Denis Santry was born in Cork on 14 May 1879 the son of Denis Santry senior, a carpenter and joiner, and his wife Ellen. He was apprenticed as a cabinet maker, before winning an Armott Scholarship to the Cork Municipal School of Art in 1894. He attended Crawford School of Art in 1895, and in 1896 he was articled to architect James Finbarre McMullen. He won a Cork Exhibition scholarship to the Royal College of Art in South Kensington, London, in 1897-98, where he won the Queen's prize for freehand drawing. He then returned to McMullen's office, where he worked from 1899 until 1901.

Towards the end of 1901 he moved to South Africa on health grounds, settling in Cape Town and setting up a practice as an architect and civil engineer. He exhibited paintings in watercolour and gesso, became a council member of the South African Association of Arts in 1903, and established the South African School of Art and Design. His cartoons appeared under the pseudonym Adam in local newspapers and magazines from 1903, including the South African Review from 1904. Soon afterwards he gave up his architectural practice to concentrate on art. In 1910 he moved Johannesburg to become cartoonist for the Rand Daily Mail and the Sunday Times. During the First World War his cartoons were reprinted in many other countries, and three book collections were published, including War Cartoons in 1915. His last cartoon was published in the Rand Daily Mail in 1917. His cartoons were drawn in brush and ink, and often parodied political events as scenes from Gilbert and Sullivan operettas and other theatrical productions.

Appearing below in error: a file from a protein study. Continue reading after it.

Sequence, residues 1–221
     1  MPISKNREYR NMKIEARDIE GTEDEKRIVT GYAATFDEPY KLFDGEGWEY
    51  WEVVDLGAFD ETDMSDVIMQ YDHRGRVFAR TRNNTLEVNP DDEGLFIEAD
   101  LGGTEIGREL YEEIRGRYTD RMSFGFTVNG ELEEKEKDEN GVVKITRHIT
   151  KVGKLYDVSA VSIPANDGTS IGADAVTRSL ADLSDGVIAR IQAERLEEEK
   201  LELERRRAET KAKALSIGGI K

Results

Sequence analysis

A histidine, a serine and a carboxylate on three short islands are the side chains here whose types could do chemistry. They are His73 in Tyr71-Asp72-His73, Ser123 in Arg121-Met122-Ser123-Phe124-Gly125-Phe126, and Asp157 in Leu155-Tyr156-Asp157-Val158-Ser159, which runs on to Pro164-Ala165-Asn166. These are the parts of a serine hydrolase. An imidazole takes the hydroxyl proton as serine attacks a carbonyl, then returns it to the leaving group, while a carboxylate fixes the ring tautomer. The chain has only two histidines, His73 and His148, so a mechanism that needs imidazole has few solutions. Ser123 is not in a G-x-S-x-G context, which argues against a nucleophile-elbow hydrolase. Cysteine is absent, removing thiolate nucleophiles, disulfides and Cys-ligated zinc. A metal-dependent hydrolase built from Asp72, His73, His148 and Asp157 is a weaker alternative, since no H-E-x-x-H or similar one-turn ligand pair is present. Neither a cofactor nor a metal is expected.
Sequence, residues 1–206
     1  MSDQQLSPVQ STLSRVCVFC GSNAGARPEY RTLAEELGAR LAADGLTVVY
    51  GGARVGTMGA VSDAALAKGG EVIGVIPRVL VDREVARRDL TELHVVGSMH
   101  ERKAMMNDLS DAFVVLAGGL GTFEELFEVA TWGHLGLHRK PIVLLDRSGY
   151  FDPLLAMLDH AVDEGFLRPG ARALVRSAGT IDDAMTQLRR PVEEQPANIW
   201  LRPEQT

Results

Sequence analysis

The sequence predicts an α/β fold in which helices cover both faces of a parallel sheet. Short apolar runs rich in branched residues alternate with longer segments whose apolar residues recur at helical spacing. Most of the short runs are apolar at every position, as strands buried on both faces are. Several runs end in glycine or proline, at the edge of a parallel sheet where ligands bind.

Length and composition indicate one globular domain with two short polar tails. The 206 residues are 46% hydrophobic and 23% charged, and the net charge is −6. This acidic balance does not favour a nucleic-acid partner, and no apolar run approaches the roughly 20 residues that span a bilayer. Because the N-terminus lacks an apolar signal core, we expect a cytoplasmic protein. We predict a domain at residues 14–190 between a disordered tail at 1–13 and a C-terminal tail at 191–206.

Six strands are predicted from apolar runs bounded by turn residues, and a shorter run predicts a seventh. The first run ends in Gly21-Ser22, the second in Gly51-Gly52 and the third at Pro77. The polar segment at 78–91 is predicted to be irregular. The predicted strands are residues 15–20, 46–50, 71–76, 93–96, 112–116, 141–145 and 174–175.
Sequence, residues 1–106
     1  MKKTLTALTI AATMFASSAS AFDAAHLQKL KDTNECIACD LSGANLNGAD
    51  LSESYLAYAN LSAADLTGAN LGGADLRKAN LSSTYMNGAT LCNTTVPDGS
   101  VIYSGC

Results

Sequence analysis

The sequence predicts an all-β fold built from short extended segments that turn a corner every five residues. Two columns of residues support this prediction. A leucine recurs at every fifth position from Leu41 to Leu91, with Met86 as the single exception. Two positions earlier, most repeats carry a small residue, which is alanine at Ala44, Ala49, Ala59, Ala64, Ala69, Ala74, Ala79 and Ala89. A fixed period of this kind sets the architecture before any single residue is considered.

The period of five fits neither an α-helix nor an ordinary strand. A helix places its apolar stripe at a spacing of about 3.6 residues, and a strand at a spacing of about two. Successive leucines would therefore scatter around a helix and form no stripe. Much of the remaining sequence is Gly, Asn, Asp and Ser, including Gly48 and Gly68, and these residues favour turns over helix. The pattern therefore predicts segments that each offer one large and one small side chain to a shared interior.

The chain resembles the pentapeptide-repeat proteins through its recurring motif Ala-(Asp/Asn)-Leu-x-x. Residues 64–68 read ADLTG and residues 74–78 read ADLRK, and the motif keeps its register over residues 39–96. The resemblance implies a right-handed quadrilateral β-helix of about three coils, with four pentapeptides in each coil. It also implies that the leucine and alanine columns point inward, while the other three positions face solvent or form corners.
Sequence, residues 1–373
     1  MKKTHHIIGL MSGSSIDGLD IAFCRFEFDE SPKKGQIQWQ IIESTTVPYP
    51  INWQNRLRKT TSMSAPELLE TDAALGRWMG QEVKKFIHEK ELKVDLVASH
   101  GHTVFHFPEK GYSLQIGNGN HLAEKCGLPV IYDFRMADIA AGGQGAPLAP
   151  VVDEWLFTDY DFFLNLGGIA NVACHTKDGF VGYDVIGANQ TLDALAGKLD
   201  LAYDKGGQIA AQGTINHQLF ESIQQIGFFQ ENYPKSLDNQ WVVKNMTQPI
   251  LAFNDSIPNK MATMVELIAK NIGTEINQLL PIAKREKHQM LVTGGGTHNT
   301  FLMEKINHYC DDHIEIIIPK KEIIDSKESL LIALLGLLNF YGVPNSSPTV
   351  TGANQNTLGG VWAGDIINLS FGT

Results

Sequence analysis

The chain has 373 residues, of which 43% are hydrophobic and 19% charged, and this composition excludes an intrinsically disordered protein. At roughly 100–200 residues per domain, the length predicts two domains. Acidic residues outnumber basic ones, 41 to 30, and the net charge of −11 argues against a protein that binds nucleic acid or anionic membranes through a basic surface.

He was a pioneer of animated film, and planned to go to America in 1918, but was refused entry for medical reasons. He won competitions to design a war memorial and a bank in Singapore, and joined Swan & Maclaren, an influential architectural practice there. He designed many public buildings, mosques and churches, including the iconic Sultan Mosque and St. Andrew's Cathedral. He retired to England in 1934, intending to devote himself to sculpture and silverwork, but returned to South Africa, again on health grounds, in 1940. After the war he returned to architectural practice for financial reasons. He died in Durban on 14 April 1960.


  • Theo Snoddy, Dictionary of Irish Artists: 20th Century, Merlin Publishing, 2002
  • Denis Santry in the Dictionary of Irish Architects 1720-1940
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